You could say that there’s a certain lack of familiarity with Pinter here, but really, would most people be familiar with Samuel Beckett? Or the work of Sam Shepard? In the end, I suppose it comes down to dramatic theater being something of a minority pursuit. If it’s not a musical, it’s probably not what most people would think of when they’re asked to name a stage show.
What is it about Pinter, in your opinion, that keeps him at a bit of a distance from the American audience?
They think of him as being very heavy, serious, dry, when in fact he’s massively funny and entertaining…he was a lot funnier than his reputation suggests. What I present is measured in laughter…it’s also profoundly moving.
Another thing with Pinter’s plays, I think, is that he doesn’t reveal himself to the extent that other playwrights do…he doesn’t insert himself into the action in the form of a character. Whereas in his poetry and prose, he’s very much revealed. It makes for a compelling 90 minutes, I can assure you.
Walk us back to the origins of this show, to the initial contact with Pinter, and how this took shape from a collaboration you did with him. Also, when and how did John Malkovich come aboard the project?
Pinter saw me on stage in LA, playing Tony Blair in David Hare’s Stuff Happens, and we met up for lunch afterward. He had committed to a reading of his poetry and his prose writings in London, but by that time he’d been diagnosed with esophageal cancer and it affected his voice, so he asked if I could possibly do the reading for him. We spent a great deal of time working on it together after that, with him showing me how to present it exactly as he intended.
After he died, there were a number of memorial tributes to him in London, New York, but not in LA. I contacted his widow, Antonia Fraser, and suggested doing something here in LA to raise a glass in his memory. I peppered it up with the reminiscences of myself and others, and people responded to it with such a degree of appreciation and enthusiasm that John Malkovich, who was a friend of mine anyway, saw it and said, ‘you know, man, if we work on this we can create a legitimate piece of theater.’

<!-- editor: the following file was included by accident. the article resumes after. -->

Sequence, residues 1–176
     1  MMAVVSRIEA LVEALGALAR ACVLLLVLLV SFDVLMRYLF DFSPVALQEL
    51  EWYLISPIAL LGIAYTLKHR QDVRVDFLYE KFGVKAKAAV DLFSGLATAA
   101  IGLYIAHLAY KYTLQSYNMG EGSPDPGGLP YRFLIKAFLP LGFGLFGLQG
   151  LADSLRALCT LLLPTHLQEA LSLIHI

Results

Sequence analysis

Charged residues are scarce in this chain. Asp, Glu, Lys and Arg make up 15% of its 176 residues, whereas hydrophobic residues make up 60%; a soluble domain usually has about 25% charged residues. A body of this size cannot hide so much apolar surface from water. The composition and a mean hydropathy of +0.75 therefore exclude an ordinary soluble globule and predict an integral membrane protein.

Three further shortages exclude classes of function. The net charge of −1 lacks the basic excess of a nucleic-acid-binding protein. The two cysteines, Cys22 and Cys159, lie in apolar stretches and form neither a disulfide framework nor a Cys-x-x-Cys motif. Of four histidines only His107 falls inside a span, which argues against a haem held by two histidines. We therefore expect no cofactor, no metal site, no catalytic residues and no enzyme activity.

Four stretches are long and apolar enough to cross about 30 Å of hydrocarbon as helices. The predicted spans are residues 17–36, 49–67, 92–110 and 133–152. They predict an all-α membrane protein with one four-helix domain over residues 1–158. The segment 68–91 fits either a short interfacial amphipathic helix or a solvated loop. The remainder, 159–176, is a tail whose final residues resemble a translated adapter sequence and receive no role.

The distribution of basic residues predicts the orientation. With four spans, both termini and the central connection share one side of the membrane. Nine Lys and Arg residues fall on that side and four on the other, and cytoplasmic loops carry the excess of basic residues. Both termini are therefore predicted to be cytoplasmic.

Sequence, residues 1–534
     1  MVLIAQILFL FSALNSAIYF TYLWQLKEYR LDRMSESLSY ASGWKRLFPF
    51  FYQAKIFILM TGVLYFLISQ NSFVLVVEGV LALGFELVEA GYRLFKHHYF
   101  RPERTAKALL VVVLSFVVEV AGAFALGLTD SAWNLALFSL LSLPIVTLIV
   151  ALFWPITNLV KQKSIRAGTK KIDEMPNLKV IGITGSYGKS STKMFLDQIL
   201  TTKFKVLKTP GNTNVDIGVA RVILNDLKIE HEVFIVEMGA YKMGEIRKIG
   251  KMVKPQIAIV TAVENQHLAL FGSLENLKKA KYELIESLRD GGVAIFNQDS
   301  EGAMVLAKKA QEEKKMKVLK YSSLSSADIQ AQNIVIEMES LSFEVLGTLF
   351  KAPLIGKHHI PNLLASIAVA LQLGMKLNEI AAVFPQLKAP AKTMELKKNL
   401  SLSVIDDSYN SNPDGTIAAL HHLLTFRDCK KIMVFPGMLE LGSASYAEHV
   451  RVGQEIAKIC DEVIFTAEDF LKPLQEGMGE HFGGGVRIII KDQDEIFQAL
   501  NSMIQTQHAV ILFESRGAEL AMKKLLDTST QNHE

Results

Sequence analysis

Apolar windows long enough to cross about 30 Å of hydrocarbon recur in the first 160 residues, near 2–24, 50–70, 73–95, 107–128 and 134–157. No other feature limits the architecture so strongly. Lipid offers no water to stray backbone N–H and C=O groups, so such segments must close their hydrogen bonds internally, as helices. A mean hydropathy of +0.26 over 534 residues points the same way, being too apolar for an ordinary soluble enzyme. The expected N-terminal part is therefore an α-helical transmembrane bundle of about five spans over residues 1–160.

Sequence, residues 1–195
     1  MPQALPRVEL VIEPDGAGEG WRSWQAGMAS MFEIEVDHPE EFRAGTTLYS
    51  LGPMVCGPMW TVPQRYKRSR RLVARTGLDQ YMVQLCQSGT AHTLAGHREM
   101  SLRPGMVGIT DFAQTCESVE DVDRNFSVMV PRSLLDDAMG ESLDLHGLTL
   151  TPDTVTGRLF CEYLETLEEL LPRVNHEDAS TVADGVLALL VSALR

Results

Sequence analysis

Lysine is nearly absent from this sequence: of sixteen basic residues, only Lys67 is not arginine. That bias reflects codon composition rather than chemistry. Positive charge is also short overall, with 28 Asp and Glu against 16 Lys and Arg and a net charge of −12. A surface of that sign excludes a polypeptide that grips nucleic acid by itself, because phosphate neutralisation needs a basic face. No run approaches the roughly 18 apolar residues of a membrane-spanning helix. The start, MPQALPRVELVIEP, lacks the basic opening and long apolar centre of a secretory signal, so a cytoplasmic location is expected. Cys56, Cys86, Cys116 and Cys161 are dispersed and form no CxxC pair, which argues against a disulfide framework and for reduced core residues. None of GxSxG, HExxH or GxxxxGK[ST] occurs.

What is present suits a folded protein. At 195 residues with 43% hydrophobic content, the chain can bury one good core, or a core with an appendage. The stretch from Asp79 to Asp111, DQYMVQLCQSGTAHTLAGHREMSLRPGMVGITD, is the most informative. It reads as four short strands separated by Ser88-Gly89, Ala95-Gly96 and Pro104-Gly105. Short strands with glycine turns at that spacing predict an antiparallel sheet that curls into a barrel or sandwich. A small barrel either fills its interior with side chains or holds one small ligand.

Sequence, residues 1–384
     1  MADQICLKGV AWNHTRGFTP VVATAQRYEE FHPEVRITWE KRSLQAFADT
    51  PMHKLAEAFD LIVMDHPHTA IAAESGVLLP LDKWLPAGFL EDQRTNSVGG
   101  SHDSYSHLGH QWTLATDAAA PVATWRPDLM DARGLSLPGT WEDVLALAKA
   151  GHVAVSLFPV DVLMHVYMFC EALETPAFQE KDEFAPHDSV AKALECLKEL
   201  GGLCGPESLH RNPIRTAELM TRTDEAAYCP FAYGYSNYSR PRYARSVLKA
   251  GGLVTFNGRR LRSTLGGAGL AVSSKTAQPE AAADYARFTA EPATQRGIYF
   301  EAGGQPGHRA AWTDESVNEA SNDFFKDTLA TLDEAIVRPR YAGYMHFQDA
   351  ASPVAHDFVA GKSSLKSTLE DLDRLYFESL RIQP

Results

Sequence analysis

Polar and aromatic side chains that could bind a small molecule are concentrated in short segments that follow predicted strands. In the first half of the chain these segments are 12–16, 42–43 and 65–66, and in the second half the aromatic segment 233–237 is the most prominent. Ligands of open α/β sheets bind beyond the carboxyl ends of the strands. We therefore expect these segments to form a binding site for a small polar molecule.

A producer wanted to do it at the Edinburgh Festival in 2010, so I met John in Vienna and we revisited the piece; really tightened it but at the same time, did it in such a way that it can change from one performance to the next, as if I was in a band, doing a set.
And has A Celebration of Pinter met with the approval of his widow, and others who were close to him? Knowing Pinter as you did, are you satisfied that the show captures the essence of the man?
I spent quite some time with Harold Pinter…if I hadn’t had that direct experience, things would have been very different; I wouldn’t have presumed to feel that I had his blessing to do this show. His family and close friends have seen it, and their feeling is that Harold would have been fulfilled and satisfied with the work.
One of the things that intrigues me about the program is the inclusion of Pinter’s so-called “political prose”…he wrote a lot of essays and op-ed pieces, and a lot of what he wrote and said has been branded anti-American, anti-Israel…
I draw from things like his Nobel acceptance speech, which encapsulates so much of what he was in the last ten years of his life…his dynamic activism.
In America, his political views were often used to demonize him…in reality, it was just one aspect of a complex man, who never shied away from expressing himself. He loved American people, but as a conscientious objector he was very angry over U.S. foreign policy. He would say that if he’d been called up during wartime he would have fought, but being drafted in a time of peace just served to perpetuate human conflict.
And would you say that each performance is a fluid thing unto itself…do you have more than a full-length show’s worth of material to draw from at any time?
It’s an ever-evolving work in progress; a unique experience for me and for the audience. I have license to change it depending on the mood of the room. I structure it so that I can make those choices, so that it stays fresh for me.
The idea of dressing up as Harold Pinter was never my intent…it was more about my sharing experiences of working with him. I enjoy being Harold’s voice…and as I continue to perform it, my curiosity about him is ever more stimulated.
Tickets for “A Celebration of Harold Pinter,” priced at $25 and $37, can be reserved right here.